by boy genius Pidge, spent its downtime sitting in a hollow tree in an Arusian forest. Probably writing bad
poetry and crying to itself about all the squirrels it killed loaping throgh the old growth whenever there was an emergency. Pansyass lion. Pidge, in addition to being a bit of a prankster and befriending the show's answer to Ewoks, Space Mice, was also the twin brother of one of the guys who ran vehicle Voltron. Give you one guess who their parents were more proud of.
Stationed in the Castle of Lions' moat was the blue lion, the only cat to have two pilots. First and forgettably was Sven, a charcter so lame they killed him off. Okay, no, he was just "badly injured," but
he was "badly injured" in the same way that Duke was "in a coma" at the end of GI Joe: The Movie - i.e., dead as a post, but safely sanitized for '80s tv. Yay. Sven didn't really stick around long enough to get a personality, instead doomed to the same broad ethnic stereotyping that named the Norwegian cartoon guy "Sven" in the first place. He wore a black jumpsuit, further confusing the team's color coding.
After Sven was "badly injured," his place in Voltron's right leg was filled by Princess Allura, the show's attempt at equality/sex symbol. Not only did Keith pine after her, but the evil Prince Lotor was paddling his little blue robeast at the thought of her, too - half his attacks were just attempts to get her attention. After her parents died in Zarkon's attack, Allura lived alone in their decimated castle, her only friends the Space Mice. Judging by that, she should be a seething stew of psychoses, instead of a well-adjusted adult. Still, she's girly enough to wear a pink jumpsuit and faint readily, so there you go.
The lions come in three sizes: the red and green lions are the smallest, followed by blue and yellow, and finally the huge black lion. Trendmasters made these guys well, giving us plenty of articulation. All of their legs have three points each, and their tails move. Black, blue and yellow also move at the neck and jaw. Very nice.
The figures are all-plastic, rather than the big heavy die-cast Voltron of the '80s. The lions are all painted with just the right tones to recreate the classic look - it would have been easy to pick the wrong yellow and throw the entire thing into confusion. The "metal" parts are just gray paint, rather than being vac-metallized; you don't have to worry about the color flaking off.
Like the Power Rangers, the Voltron Force would always try to face their enemies in a sequence: hand-to-hand when possible, then as individual lions. When both of those had failed, they'd link up the lions and form the big guy.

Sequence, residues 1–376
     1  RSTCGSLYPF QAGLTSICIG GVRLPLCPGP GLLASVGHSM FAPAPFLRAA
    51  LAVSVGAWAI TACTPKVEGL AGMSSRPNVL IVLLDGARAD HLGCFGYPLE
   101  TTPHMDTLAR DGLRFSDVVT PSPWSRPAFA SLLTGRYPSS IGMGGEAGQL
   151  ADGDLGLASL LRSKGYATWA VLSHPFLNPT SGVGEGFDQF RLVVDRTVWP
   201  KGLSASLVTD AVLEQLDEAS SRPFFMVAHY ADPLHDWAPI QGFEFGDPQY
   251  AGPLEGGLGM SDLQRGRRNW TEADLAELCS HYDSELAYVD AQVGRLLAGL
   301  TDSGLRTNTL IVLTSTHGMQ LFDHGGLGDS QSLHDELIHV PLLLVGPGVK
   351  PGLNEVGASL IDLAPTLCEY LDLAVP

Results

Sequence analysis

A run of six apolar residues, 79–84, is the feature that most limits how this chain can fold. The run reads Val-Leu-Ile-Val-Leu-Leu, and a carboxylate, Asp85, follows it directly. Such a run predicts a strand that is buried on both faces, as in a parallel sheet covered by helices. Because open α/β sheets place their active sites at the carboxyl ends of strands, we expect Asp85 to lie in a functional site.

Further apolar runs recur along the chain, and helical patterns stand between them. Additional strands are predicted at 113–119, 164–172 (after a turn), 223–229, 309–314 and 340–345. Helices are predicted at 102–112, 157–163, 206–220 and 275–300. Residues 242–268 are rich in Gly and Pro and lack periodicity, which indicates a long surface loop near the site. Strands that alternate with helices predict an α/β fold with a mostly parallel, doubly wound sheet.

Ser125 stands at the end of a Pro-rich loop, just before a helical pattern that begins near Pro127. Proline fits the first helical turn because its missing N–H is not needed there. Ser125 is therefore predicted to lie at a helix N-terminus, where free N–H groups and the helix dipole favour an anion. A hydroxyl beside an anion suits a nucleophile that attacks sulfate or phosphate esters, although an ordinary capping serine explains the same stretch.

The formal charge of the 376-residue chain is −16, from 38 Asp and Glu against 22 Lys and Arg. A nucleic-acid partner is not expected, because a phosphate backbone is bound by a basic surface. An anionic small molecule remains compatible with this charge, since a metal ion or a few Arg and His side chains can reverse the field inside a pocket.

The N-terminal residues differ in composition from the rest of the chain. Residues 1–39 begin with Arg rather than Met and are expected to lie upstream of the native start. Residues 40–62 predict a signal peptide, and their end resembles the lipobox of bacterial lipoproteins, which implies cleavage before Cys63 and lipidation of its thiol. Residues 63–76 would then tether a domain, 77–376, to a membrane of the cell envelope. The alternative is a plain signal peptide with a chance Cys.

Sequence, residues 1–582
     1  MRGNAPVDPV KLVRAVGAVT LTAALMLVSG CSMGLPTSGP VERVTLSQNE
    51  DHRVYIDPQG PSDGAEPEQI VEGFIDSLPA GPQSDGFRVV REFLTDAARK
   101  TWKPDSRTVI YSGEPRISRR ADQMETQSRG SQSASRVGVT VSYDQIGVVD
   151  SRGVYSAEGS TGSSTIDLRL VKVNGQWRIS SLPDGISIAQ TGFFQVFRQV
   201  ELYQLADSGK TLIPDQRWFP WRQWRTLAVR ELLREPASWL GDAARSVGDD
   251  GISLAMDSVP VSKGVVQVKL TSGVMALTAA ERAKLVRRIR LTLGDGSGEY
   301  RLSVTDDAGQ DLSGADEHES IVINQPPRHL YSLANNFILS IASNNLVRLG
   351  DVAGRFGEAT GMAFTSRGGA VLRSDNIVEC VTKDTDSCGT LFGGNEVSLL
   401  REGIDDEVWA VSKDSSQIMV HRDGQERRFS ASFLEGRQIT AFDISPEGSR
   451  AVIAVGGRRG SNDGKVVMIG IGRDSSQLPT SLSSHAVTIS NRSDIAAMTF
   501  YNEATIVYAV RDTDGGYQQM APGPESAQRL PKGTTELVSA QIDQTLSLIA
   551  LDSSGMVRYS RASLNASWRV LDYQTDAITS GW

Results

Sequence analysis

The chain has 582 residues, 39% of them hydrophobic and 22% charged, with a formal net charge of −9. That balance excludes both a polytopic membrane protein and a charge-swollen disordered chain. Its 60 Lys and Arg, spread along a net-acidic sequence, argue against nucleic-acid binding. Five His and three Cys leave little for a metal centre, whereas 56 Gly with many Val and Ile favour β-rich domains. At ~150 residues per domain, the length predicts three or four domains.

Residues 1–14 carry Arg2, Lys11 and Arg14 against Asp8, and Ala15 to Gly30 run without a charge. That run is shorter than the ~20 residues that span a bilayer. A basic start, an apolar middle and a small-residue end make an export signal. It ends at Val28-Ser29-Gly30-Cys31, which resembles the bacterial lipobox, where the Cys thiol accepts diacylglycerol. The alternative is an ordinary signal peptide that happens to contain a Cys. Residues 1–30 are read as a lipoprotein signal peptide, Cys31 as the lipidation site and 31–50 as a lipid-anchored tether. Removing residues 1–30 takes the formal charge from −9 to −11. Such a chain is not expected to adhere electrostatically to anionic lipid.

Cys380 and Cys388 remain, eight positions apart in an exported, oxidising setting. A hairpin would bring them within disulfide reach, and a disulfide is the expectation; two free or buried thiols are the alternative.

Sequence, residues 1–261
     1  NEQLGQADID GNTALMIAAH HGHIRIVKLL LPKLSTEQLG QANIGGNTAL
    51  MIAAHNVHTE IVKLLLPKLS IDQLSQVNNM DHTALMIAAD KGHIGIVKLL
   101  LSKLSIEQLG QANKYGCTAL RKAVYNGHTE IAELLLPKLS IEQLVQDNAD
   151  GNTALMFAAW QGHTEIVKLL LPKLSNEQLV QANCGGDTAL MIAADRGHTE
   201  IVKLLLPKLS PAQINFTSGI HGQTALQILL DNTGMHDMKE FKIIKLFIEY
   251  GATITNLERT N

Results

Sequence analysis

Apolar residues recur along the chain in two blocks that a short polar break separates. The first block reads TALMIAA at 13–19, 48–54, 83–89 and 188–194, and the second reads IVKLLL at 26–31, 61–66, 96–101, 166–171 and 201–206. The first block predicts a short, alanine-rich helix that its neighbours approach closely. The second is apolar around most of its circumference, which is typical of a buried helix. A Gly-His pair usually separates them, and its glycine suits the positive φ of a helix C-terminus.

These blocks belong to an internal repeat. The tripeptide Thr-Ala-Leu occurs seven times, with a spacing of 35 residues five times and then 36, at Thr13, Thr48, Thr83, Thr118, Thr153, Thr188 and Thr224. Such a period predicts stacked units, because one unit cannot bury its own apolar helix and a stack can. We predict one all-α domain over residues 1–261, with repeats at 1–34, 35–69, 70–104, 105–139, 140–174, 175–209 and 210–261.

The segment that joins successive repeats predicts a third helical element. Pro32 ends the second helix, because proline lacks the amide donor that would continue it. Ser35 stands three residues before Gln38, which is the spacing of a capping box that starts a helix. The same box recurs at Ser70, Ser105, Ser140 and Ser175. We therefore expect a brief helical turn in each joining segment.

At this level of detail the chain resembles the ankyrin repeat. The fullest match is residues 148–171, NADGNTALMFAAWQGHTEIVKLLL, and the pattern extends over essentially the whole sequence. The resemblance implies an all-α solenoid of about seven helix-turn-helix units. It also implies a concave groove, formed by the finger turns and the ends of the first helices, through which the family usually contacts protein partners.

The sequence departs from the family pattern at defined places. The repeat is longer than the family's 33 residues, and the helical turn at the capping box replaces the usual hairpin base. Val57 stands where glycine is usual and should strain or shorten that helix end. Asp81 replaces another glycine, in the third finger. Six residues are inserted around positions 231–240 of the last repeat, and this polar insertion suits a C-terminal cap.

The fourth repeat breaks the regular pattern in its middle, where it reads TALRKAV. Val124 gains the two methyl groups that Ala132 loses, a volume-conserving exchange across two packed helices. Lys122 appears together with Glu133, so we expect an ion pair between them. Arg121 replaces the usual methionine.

Ready to assemble! Activate interlocks! Dyna-therms connected. Infra-cells up; mega-thrusters are go! Form feet and legs; form arms and body; and I'll form the head!
No one ever explained why the five lions were kept in such remote locations. In an emergency, you want everything easy to find - it's not like fire companies keep their hoses and ladders in different buildings on opposite sides of town, after all. Maybe it was so that they had a greater area of coverage; if there was something happening in the desert, there was already a lion there. But if that was the case, why did Voltron always form in front of the castle? Most of his battles were in space, so why not keep the lions there? It couldn't have been any harder to get the pilots into the upper stratosphere than it was to rocket them around the planet in underground tubes. Craziness, I tells ya!
In his combined form, this Voltron stands 7½" tall to the little dealies on his head, but his big red wings go a bit higher. Articulation is limited: though the red and green lions are sculpted to look like elbow joints, they're just solid plastic, so big daddy V moves only at the shoulders and hips, not even enough to qualify as an action figure. For a bit of play feature, you can press a button on his arms to have his fists fly off, just like in the show. The set also included chromed versions of Voltron's sword and shield, but since he doesn't have any elbows, he looks goofy holding them.
This may not be the best Voltron figure ever, but it's certainly near the top. It looks better than most of the original '80s versions, and it's much cheaper, too. Unless you're willing to spend $150 on Toynami's Masterpiece Edition Voltron, this is an ideal version of an '80s mainstay.